You should be imitators of me, as I am of Christ. I applaud you, brothers, because you remember me in everything and maintain the traditions even as I have delivered them to you.
Here, St Paul is emphasizing the importance of the topic he’s about to dive into. He praises the Church at Corinth for following the traditions he delivered to them, and encourages them to continue to imitate his example. What follows is one of the traditions he delivered to them (the tradition of head-covering) which it seems the Corinthians had some questions/concerns about.
I want you to understand that the head of every man is Christ, the head of a woman is her husband, and the head of Christ is God.
This is the spiritual principle behind the changes that the early Church made to the Jewish custom of head-covering. St Paul is reviewing it for them here. The head of Christ is God, which is to say that Christ is God. Jesus Christ has two natures. He is both fully man and fully God. To say that the head of Christ is God is to say that his human nature submits to his divine nature in perfect humility. In the union of man and God, Jesus Christ (the God-Man), the nature of humanity is elevated and dignified above everything else in nature. As St Paul explains here, the early Church used the sacrament of matrimony to symbolize this union. In the gospels, marriage is used as an example of the kind of relationship God seeks to have with humanity through Christ. Since God came to live among us as a man, the man (or husband) would represent Christ in the marriage, while the woman would represent the Church. The word “head,” in this case, takes on a representation of authority, as in “head of household.” It’s not a lordship kind of authority, but rather a family kind of authority, as in one who cares for and protects the family. The head of every man is Christ, because Christ took on the form of a man. Therefore, just as the man relies on Christ as his authority, so every Christian man represents Christ in his own family. St Paul elaborating on this elsewhere in the Bible, when he wrote…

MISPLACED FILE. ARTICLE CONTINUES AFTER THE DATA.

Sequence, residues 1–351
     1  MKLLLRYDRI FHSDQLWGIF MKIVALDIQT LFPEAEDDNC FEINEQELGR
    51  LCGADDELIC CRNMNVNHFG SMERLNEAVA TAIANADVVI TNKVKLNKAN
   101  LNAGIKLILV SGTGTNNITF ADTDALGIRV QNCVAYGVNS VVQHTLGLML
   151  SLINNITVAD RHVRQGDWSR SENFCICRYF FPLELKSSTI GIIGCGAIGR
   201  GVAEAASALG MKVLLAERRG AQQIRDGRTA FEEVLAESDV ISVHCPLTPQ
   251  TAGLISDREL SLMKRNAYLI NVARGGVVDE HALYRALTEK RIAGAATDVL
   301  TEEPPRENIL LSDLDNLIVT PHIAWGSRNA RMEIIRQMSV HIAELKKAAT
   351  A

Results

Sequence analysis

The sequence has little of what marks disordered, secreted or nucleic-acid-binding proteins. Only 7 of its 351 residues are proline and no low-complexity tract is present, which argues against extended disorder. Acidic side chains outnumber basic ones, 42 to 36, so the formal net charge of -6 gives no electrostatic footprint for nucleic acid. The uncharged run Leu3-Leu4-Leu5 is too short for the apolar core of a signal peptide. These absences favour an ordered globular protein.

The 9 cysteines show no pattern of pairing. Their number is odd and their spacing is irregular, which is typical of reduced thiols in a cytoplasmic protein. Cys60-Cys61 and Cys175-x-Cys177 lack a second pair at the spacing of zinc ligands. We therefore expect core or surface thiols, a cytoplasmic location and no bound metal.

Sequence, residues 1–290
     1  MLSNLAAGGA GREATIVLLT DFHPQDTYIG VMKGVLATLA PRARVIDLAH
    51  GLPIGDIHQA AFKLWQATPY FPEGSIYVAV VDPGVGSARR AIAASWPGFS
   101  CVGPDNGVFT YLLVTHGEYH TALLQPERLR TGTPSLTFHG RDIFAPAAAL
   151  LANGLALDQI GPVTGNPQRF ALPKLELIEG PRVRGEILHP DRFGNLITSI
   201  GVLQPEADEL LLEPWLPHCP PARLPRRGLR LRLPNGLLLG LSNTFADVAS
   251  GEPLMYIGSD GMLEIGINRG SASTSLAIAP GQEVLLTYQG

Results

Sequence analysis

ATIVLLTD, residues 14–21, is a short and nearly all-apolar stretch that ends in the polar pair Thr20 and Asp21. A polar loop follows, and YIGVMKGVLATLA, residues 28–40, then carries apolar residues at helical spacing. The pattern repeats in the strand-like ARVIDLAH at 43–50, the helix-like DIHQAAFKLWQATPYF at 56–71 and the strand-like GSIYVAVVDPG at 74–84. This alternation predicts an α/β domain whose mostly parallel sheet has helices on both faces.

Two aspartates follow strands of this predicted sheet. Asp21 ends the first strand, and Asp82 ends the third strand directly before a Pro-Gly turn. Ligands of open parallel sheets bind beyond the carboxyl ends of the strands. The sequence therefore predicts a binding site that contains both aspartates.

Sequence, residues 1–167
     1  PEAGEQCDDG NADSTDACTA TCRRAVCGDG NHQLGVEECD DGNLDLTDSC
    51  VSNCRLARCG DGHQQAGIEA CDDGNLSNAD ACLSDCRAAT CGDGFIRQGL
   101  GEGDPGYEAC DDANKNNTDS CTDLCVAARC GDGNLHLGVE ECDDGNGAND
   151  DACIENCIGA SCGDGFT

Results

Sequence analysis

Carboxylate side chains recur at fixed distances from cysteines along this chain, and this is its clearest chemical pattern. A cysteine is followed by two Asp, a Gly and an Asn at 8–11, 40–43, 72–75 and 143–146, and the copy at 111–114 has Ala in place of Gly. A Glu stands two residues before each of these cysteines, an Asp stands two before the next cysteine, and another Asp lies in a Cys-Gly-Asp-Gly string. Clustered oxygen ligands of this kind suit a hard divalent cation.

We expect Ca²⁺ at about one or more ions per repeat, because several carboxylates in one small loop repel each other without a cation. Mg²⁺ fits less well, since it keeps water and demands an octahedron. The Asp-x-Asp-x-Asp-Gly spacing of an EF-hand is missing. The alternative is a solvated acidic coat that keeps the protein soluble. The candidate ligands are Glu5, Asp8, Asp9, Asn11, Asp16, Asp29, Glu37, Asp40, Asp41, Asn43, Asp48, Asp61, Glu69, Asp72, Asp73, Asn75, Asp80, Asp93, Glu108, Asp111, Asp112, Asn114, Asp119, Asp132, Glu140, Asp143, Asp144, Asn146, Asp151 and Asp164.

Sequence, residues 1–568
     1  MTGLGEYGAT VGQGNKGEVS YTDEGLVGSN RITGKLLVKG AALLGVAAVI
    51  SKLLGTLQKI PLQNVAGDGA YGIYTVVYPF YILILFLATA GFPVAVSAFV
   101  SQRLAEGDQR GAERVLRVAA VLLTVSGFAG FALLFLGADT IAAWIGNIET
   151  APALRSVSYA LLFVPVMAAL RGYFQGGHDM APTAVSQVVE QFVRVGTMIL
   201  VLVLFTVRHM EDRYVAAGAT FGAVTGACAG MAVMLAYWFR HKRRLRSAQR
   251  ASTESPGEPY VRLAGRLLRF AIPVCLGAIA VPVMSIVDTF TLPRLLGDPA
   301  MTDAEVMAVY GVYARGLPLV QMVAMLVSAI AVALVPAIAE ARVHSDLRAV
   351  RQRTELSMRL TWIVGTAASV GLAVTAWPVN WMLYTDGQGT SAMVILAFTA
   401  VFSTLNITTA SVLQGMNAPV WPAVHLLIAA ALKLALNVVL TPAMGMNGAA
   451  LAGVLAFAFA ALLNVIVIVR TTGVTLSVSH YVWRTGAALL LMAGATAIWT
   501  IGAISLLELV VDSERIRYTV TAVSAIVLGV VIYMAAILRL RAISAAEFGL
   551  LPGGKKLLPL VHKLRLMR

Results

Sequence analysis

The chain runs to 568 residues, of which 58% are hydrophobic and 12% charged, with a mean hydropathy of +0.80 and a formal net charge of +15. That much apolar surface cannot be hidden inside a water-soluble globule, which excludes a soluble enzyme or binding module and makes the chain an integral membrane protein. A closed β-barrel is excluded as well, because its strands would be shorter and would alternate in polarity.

Be subject to one another out of reverence for Christ. Wives, be subject to your husbands, as to the Lord. For the man (husband) is the head of the wife as Christ is the head of the church, his body, being its Savior. As the church is subject to Christ, so wives are also subject in everything to their husbands. Husbands, love your wives, as Christ loved the church and surrendered himself up for her, that he might sanctify her, having cleansed her by the washing of water with the word, that he might present the church to himself in splendor, without spot or wrinkle, that she might be holy and without blemish. Even so husbands should love their wives as their own bodies. The one who loves his wife loves himself. For no man ever hates his own flesh, but nourishes and cherishes it, as Christ does the church, because we are members of his body. “For this reason a man shall leave his father and mother and join to his wife, and the two shall become one flesh.” This is a great mystery, and I mean in reference to Christ and the church; however, let each one of you love his wife as himself, and let the wife see that she respects (be in awe of) her man.
— Ephesians 5:21-33